Work with me on NLP at the University of Sydney!
My primary recruiting timeline is:
- Read applications in late October
- Interview and make offers in November
I am open to applications from outstanding students at any time, but my expectations are higher outside the normal timeline. Complete the process below and I will respond as soon as I can.
How to apply
At Australian universities, you first contact individual faculty (rather than the central process used in US universities), and can do so at any time.
To apply for my research group, do the following:
(1) Complete this form.
(2) Email email@example.com with:
- Subject line “PhD application: [your name]”
- Statement of Purpose (PDF, 2-4 pages), covering your academic background, research interests, and reasons for pursuing a PhD.
- Transcript(s) (PDF or images)
- CV / Resume (PDF)
(3) Tell your letter writers to email firstname.lastname@example.org with the subject “PhD Recommendation for [Your Name]” and the letter either in the body of the email or attached as a pdf. The email must come from their professional email address or an administrator in their department. Note, thi should be sent directly to me, NOT to the central university admissions email address.
If you have any questions, email email@example.com.
Once I have considered your application, I will send an email to the address provided in the form (step 1). I will not respond to email sent in step (2) and step (3) if you have not completed the form.
Note - Please do not contact me if you are a current PhD student at another university seeking a short-term research visit (6-12 months). I generally do not respond to email requesting that type of opportunity. If I change my approach in future, I will update this page.
- I will contact you for a phone interview.
- I will tell you I want you to join my group.
- You complete the university application form with my help.
- You receive a formal offer.
If I have a grant that can fund your PhD I will tell you in step (2). Otherwise, the university application form also includes an application for university fellowships (the RTP) that fund your entire PhD.
I am looking for multiple students to work on Natural Language Processing. Projects will also cross over into Crowdsourcing / Human Computation, Data Science, and Machine Learning.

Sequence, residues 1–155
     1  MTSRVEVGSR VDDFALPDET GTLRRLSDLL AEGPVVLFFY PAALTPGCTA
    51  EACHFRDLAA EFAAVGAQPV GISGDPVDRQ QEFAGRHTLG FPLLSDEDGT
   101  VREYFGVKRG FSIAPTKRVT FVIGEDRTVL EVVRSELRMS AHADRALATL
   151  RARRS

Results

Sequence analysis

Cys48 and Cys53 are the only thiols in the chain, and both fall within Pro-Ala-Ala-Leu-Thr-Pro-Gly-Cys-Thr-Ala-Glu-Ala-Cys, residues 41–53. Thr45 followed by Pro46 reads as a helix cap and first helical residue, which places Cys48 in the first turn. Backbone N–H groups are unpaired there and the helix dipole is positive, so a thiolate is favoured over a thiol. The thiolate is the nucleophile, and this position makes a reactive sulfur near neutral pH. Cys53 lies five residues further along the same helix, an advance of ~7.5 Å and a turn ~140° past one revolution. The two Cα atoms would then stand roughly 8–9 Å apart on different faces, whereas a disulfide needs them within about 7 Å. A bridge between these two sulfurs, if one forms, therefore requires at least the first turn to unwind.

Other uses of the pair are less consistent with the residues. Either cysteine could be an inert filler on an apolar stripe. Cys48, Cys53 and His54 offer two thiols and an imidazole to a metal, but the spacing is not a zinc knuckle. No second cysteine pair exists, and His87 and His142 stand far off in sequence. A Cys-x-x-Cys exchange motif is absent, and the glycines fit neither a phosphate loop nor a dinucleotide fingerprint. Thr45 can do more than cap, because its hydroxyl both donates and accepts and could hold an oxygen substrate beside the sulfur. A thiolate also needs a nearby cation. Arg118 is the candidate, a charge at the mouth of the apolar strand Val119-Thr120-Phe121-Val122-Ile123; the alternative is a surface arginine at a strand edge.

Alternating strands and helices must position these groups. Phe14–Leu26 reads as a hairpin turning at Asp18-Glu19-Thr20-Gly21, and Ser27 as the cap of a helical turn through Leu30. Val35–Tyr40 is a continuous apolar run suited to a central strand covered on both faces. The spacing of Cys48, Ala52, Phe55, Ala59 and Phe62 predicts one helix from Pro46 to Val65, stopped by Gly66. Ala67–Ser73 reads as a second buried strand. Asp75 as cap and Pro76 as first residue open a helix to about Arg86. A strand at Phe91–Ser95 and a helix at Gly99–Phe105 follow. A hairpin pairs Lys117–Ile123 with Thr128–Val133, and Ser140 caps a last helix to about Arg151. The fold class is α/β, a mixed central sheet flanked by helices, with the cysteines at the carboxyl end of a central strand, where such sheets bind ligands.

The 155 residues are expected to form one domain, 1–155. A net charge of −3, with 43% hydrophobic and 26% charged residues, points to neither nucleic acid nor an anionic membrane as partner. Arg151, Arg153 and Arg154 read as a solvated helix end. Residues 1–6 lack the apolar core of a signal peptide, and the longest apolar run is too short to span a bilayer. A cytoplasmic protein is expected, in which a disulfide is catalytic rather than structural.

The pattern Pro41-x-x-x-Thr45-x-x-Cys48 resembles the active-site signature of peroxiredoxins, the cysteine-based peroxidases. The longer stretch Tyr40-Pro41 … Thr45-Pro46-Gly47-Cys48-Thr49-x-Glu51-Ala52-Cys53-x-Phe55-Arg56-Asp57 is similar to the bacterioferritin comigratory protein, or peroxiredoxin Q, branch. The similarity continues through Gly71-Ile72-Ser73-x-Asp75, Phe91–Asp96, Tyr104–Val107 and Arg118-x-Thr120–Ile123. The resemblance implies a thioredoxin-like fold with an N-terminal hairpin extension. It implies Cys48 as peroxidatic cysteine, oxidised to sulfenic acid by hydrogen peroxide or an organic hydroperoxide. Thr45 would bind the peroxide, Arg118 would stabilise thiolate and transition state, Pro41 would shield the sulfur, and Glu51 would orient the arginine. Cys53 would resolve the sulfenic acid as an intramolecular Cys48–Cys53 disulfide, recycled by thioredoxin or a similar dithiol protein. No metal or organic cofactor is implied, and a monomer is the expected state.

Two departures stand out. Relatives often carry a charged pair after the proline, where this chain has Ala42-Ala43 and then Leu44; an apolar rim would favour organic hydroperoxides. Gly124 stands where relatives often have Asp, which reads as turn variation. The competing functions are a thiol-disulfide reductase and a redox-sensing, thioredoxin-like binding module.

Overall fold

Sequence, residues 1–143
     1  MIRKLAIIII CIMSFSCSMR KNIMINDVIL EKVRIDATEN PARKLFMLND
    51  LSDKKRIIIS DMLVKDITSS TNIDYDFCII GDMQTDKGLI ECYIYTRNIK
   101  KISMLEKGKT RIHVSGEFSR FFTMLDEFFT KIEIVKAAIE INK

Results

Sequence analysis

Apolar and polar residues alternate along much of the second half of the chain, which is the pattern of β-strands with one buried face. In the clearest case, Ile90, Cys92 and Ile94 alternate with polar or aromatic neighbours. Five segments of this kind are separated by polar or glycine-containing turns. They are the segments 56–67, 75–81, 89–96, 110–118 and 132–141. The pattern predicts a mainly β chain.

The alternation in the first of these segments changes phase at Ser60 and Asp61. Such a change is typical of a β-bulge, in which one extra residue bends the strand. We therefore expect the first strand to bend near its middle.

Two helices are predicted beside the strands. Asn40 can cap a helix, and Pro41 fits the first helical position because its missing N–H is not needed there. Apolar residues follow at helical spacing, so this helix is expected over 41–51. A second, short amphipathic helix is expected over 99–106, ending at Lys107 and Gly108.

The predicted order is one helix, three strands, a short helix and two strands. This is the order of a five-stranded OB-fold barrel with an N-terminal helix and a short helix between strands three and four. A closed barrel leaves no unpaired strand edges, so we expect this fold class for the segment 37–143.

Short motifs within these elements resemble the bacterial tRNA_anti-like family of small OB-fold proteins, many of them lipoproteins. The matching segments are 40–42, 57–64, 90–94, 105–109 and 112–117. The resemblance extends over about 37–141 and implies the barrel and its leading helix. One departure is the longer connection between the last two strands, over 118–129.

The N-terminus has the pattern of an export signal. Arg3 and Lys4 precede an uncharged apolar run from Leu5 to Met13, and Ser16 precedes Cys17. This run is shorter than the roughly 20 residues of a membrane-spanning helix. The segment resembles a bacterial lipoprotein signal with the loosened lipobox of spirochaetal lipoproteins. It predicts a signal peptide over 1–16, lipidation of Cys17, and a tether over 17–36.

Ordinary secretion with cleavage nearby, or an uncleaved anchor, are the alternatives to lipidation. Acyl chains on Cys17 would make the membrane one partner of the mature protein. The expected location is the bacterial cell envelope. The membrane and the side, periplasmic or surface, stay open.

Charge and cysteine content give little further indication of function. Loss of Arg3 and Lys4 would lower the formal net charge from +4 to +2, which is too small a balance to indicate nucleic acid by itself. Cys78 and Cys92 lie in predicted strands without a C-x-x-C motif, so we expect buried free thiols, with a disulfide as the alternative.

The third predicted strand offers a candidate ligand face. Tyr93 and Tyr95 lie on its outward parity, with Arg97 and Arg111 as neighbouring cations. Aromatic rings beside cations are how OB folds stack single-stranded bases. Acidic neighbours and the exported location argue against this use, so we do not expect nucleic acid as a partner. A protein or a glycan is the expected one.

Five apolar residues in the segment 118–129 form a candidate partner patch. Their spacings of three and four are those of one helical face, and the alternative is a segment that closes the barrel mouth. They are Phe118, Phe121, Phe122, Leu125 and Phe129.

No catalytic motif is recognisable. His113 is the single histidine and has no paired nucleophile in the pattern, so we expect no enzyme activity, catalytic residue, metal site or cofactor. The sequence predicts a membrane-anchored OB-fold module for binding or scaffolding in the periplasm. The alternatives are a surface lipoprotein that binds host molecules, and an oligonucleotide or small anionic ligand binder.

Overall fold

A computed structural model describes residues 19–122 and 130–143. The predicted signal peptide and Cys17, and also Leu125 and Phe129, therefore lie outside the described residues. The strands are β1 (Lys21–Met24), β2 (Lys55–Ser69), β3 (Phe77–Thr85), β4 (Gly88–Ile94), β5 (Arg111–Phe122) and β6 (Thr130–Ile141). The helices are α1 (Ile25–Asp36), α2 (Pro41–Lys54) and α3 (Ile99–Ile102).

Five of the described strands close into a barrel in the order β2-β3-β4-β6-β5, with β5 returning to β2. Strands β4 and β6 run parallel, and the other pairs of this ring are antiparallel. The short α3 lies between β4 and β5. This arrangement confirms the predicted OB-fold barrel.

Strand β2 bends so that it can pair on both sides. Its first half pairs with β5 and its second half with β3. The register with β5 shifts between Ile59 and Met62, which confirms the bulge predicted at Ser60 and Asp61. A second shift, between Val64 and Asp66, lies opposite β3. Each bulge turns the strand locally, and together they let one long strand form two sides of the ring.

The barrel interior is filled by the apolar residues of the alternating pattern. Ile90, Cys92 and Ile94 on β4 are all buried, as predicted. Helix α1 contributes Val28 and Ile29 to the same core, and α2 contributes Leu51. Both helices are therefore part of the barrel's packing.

I am towards the hands-on end as an advisor and aim to build a collaborative, socially connected group. My group will have weekly group meetings and visits by researchers from around the world (virtual for now).
- A Bachelor’s degree that includes significant experience in Computer Science.
- Some form of research experience. For example, any of these would be sufficient:
- A senior thesis
- An honours thesis with first class honours
- A Master’s degree with an independent research component
- A significant industry research experience (e.g., an internship in a research lab)
- A pre-doctoral position (e.g., the Allen AI Predoc program)
Note: You do not need a master’s degree or published papers. That kind of experience is certainly a plus, but so are other activities, such as internships, personal projects, and extra background in non-CS subjects.
I consider both Australian and international students. If you receive an offer you can apply for a student visa.
Sydney’s PhD Degree Structure
Details here. Key points:
- 3-4 years
- A research methods class and one other class (ie., half a semester of time)
- No teaching required, but you will have opportunities to teach if desired
- I encourage interested students to do internships in industry research labs
Every student in my group is funded to do just research for the length of their PhD (if you choose to get experience teaching you will be paid extra). The standard stipend is 35,000 AUD / year, which is not subject to tax because it is a scholarship (i.e., 35k goes into your account). Where possible, I will work with you to get a top-up scholarhip of 10,000 / year (either through a fellowship or a research grant).
How does Sydney compare to US universities?
I recognise that some applicants may not be familiar with Australian universities. Evaluating universities is hard, but here are a few points of comparison: